Aqua Kyoto review: 'Flawless Japanese food served high above chaotic central London'

Occupying some enviable real estate, this blockbuster restaurant and bar is located within the storied former Dickins & Jones building


Words: Jamie Tabberer; pictures: provided

"That's The London Pallidum, isn't it?" I ask my dinner guest, gazing at the stunning façade of the building opposite - all rich detail and elaborate lighting.

"No, it's Regents Street," he replies, referring to London's most handsome strip, dating back to 1819.

I gasp: despite my 12 years as a Londoner, and knowing the buzzing streets of Soho like the back of my hand (or so I thought), I've completely lost my bearings.

Such is the effect of Aqua Kyoto's atmospheric and partially heated and covered roof terrace. You see London through new eyes - because, five floors up from the hubbub of nearby Oxford Street, you don't know which way is east and which is west.

Located within the storied former Dickins & Jones building, this blockbuster Japanese restaurant is accessable via a discreet hotel reception-style area from 240 Argyll St. So discreet, in fact, that in all these years of walking by, I've never noticed it.

Perhaps I was too focused on meandering through the throngs of tourists queuing for Wok To Walk and waffle carts. A swift elevator ride whisks you away from all that stress, and the moody interior of the restaurant, finished in glossy blacks and greys, is immediately calming.

We were served almost throughout by the same friendly and attentive member of staff, who demonstrated a razor sharp knowledge of the menu. I did call on a few waiters to interact with me (I'm that person) who weren't quite so on it: one spilt water on the table while serving it into my glass; another apparently forgot to bring me the pen and paper I'd asked for. (When requested from the aforementioned server, it was brought promptly.)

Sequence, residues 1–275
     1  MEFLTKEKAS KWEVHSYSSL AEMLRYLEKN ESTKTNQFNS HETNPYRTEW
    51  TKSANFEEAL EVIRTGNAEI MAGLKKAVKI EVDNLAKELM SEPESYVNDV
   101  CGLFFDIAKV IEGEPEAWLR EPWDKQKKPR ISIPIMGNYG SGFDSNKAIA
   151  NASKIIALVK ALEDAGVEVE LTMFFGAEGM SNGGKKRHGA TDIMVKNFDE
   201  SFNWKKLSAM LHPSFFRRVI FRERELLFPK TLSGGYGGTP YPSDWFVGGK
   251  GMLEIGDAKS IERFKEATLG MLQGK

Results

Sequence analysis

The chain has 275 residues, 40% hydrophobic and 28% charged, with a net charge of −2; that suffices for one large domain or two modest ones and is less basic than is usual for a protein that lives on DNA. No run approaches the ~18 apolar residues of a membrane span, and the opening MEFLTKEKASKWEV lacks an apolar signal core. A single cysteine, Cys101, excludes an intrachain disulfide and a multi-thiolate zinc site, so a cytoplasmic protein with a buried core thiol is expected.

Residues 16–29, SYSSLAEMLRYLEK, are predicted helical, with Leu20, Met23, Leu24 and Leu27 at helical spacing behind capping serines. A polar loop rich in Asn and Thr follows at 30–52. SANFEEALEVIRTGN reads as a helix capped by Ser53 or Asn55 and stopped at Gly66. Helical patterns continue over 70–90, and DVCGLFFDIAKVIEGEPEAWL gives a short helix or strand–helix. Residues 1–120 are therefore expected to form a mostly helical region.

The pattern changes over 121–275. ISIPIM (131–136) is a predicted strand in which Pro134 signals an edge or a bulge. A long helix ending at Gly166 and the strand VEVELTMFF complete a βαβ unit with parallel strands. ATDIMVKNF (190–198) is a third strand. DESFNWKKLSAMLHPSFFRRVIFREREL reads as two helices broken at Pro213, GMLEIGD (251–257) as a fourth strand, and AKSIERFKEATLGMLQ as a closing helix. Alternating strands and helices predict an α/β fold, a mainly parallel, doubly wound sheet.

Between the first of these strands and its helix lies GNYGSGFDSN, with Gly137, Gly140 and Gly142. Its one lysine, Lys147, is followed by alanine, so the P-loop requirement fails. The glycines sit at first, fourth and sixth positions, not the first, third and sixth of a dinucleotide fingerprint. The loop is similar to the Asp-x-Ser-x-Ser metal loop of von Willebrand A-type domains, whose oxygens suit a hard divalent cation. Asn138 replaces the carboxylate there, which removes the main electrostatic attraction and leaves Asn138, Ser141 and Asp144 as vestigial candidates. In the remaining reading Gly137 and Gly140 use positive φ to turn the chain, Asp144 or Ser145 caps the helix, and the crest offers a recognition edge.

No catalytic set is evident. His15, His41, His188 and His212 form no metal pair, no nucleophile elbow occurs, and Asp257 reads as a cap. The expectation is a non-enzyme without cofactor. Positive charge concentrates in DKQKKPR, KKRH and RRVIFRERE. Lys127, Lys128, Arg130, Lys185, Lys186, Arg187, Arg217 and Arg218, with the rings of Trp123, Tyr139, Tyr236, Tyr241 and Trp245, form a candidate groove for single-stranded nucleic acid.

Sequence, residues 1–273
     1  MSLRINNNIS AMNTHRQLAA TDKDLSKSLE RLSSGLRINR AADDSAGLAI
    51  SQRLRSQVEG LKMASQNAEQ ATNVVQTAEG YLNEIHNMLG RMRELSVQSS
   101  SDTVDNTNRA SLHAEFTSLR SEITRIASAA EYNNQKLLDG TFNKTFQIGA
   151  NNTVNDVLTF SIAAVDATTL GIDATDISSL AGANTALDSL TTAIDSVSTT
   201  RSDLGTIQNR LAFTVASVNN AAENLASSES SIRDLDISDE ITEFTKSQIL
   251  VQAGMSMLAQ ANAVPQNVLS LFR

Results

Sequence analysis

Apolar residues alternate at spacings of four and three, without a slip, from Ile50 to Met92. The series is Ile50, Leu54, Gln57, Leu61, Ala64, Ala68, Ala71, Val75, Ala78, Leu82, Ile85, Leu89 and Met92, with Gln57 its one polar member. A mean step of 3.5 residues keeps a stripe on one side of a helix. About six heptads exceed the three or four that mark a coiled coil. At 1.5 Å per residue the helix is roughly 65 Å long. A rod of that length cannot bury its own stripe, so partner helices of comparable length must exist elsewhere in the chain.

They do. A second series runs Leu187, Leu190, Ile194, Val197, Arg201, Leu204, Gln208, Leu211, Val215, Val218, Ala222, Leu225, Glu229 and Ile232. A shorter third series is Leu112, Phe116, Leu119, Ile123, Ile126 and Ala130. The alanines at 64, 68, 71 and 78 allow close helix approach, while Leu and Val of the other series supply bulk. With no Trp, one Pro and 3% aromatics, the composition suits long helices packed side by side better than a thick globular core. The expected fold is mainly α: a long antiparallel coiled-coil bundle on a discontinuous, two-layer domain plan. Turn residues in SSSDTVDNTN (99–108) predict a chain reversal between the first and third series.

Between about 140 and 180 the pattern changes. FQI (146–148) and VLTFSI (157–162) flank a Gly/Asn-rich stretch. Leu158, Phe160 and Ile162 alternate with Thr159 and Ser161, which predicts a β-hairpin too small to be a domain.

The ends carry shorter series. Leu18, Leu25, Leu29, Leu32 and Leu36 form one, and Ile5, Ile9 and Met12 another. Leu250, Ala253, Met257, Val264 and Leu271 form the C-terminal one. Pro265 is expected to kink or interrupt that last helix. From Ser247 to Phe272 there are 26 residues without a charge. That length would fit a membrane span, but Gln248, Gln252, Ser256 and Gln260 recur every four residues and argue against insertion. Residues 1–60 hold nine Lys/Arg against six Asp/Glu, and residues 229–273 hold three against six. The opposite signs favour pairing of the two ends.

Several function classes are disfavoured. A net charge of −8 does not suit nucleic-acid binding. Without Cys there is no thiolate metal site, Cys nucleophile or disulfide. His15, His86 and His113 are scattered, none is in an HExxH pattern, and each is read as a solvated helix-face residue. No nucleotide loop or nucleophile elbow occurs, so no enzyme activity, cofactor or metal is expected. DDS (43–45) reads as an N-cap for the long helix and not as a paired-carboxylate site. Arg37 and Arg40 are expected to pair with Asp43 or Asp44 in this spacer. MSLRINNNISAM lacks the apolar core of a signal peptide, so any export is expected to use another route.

I mention these small grumbles about service simply because there's little else to criticise. The food was fantastic: all vigorous, crunchy ingredients and visual splendour. On the latter note, I don't just mean the expertly-constructed and super-fresh sushi; even our salad was beautiful to look at, populated with colourful heirloom tomatoes and crisp lettuce in a beautiful shade of pink

The centrepiece of my meal was a pan-fried duck breast: a rich meat I, as a rule, haven't ordered in Soho since 2010, when my palette finally transcended the area's all-you-can-eat buffets. (It's always too chewy and bony!)

However, the chefs at Aqua Kyoto chefs cook with such confidence - and theatre - in full views of the diners that I decided to give it a try. A tender hunk of meat served with a small helping of sharp, firm chard and a delicate gravy made for a simple but winning dish.

My favourite course, however, was the fabulously light shrimp and vegetable tempura to start, served with perhaps the tastiest thing I've eaten in recent memory: a spicy chilli garlic sauce of velvet-like texture.

We finished with the restaurant's nature-inspired signature dessert, 'Forest Floor': a fine, biscuit-like chocolate crumble served with Yuzu oba leaf cream, almond praline, chocolate and sour cherry sorbet. The dish epitomises Aqua Kyoto's grasp on finely-balanced flavours and artful presentation. I could have done with the dish being about a third bigger, but thought the portion sizes were otherwise pretty adequate. 

Three more compliments to finish: the cocktail menu is elaborate and extensive, I want to own some of the robust, earthy crockery I ate from, and the four Mochi ice cream balls thrown in for good measure at the end? Exquisite.

For more information about Aqua Kyoto, click here.

The Attitude February issue is out now. 

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